In my opinion, she was probably born in 1898, which would have made her 10 years old when she was photographed. But whatever is correct, she clearly worked at the mill illegally, according to the 1907 North Carolina law, especially since she stated that she had already been working in the mill for a year when Hine photographed her.
Lalar married Clemmie Zeno Cook on August 31, 1919, in Cleveland County, North Carolina. Known as Clem, he was a painter. They had two children. They lived in Washington, DC, for several years; and then lived a long time in the Portsmouth/Norfolk area of Virginia, before finally settling in Shelby, North Carolina. Clem died on October 22, 1971, at the age of 72. Lalar died on September 22, 1973, at the probable age of 75.
Lalar’s mother Susie, pictured with her at the mill, died in 1961, at the age of 91. Lalar’s father Joseph died in 1927.
Lalar’s sister Ellen, also pictured at the mill, was born Barbara Ellen Blanton, in 1897. According to the 1930 census, she was living in Shelby, with her husband, June Moss, in a rented house right next to sister Lalar. They married in 1913. Ellen was a spinner in a cotton mill, and husband June was doing “odd jobs.” In 1940, still childless, Ellen and June were living with Ellen’s mother Susie. Both Ellen and her husband were working in a cotton mill. A year later, on August 3, 1941, Ellen died of a heart condition. She was only 44. I could find no further information about her.
Edited interview with Myra Cook (MC), granddaughter of Lalar Blanton. Interview conducted by Joe Manning (JM) on October 3, 2013.
JM: How did you find the picture on my website, and why did you think the girl was your grandmother?
MC: I was doing some research on my family history. My grandmother’s first name was Lalar, but when I typed Lalar Blanton in Google, nothing came up. I thought about all the different accents in the country and how that could affect the way someone might spell Lalar if they heard it spoken. So I tried Lala Blanton, and I found the two pictures on your website, and a list of 12 girls that you thought could possibly be the girl. One of them on the list was Lala Blanton. I had seen the picture once before online, and I remembered the stories my grandmother told about being seven years old and having to pick cotton, but I didn’t recall her talking about working in the mills. When I saw the pictures, I noticed a family resemblance, and I began to get excited about the possibility that she might really be my grandmother. So I contacted you.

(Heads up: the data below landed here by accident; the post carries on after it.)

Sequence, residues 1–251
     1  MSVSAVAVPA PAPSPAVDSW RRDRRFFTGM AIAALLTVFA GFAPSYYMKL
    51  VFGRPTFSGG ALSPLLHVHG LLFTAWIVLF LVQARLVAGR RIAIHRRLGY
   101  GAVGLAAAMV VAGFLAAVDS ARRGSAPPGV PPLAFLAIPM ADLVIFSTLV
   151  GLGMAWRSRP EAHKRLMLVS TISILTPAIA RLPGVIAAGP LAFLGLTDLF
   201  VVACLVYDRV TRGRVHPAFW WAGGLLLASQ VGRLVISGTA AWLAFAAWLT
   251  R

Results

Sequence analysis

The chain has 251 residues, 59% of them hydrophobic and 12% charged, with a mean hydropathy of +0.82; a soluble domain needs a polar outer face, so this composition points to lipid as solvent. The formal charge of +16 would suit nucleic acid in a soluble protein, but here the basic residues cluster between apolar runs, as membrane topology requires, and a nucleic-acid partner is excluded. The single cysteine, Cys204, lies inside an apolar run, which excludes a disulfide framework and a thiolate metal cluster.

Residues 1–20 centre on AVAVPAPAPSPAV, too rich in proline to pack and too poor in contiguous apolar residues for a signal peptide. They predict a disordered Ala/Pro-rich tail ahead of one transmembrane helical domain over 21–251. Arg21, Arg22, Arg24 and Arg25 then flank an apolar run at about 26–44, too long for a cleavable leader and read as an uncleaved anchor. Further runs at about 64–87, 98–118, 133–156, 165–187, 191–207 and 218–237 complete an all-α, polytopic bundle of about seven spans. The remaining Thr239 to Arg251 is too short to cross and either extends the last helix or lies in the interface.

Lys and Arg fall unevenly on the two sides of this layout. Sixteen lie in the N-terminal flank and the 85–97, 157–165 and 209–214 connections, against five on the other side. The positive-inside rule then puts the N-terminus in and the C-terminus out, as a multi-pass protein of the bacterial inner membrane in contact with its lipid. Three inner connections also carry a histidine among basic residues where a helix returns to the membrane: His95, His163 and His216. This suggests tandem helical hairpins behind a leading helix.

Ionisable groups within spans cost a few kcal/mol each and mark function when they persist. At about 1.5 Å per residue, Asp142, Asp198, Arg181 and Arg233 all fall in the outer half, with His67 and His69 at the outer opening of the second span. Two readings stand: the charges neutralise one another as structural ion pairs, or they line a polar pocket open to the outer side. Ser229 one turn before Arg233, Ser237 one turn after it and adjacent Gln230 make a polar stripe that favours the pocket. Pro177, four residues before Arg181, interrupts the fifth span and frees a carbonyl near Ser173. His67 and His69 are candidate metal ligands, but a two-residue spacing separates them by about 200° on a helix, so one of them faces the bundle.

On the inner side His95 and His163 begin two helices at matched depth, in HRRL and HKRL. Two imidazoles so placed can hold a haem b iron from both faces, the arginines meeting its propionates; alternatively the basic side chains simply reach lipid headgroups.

JM: After you sent me some pictures of her, I was able, with the help of a face recognition expert, to confirm that the girl was your grandmother. When I told you that, how did you feel?
MC: I was amazed, but it made me feel sad for her, because she had to work so hard. She never had a chance to be a girl. I’ve always appreciated how good she was to me. She was so fiercely protective of me and wanted me to have a childhood. I am thinking that she might have felt that way because of what she went through.
JM: What year were you born?
MC: 1963. I lived with my grandmother from the time I was four-and-a-half years old, until I was about nine. She died when I was 10.
JM: Why did you live with her?
MC: My parents had a lot of problems that I would rather not talk about, and they just couldn’t take care of me at that time. Granny was my security, my safe place to fall. She was the softness and the love in my life.
JM: What happened when she died? Who took care of you then?
MC: I went back and lived with my parents, until I was 12. Then they got divorced, and my mother and I moved to Indiana. Suddenly, I didn’t live anywhere near my family, my aunts and uncles and cousins, or my childhood friends. It was hard.
MC: She and my grandfather Clem had two sons, Howard, and my father Ralph. Both of them were born at home. At some point, my grandparents moved to Bowers Hill, Virginia, which is near Portsmouth. They also lived in Deep Creek, also near Portsmouth. My grandfather was a painter at the Naval Shipyard in Portsmouth. At some point, they lived in Washington, DC, where my grandfather worked at the Naval Shipyard there, and also painted houses. In his later years, after he retired, he continued to paint houses. When they lived in Washington, my grandmother ran a boarding house. My grandfather had two brothers that also worked in the shipyard, and they lived with their families in the boarding house. I think my grandmother also drove a bus at some point. She was a big woman when I knew her. She was about 5′ 10″, and weighed about 200 pounds. It’s funny. When you look at the picture of her looking out the mill window, you would never think she would grow up to be so tall. She was probably a tall child, too.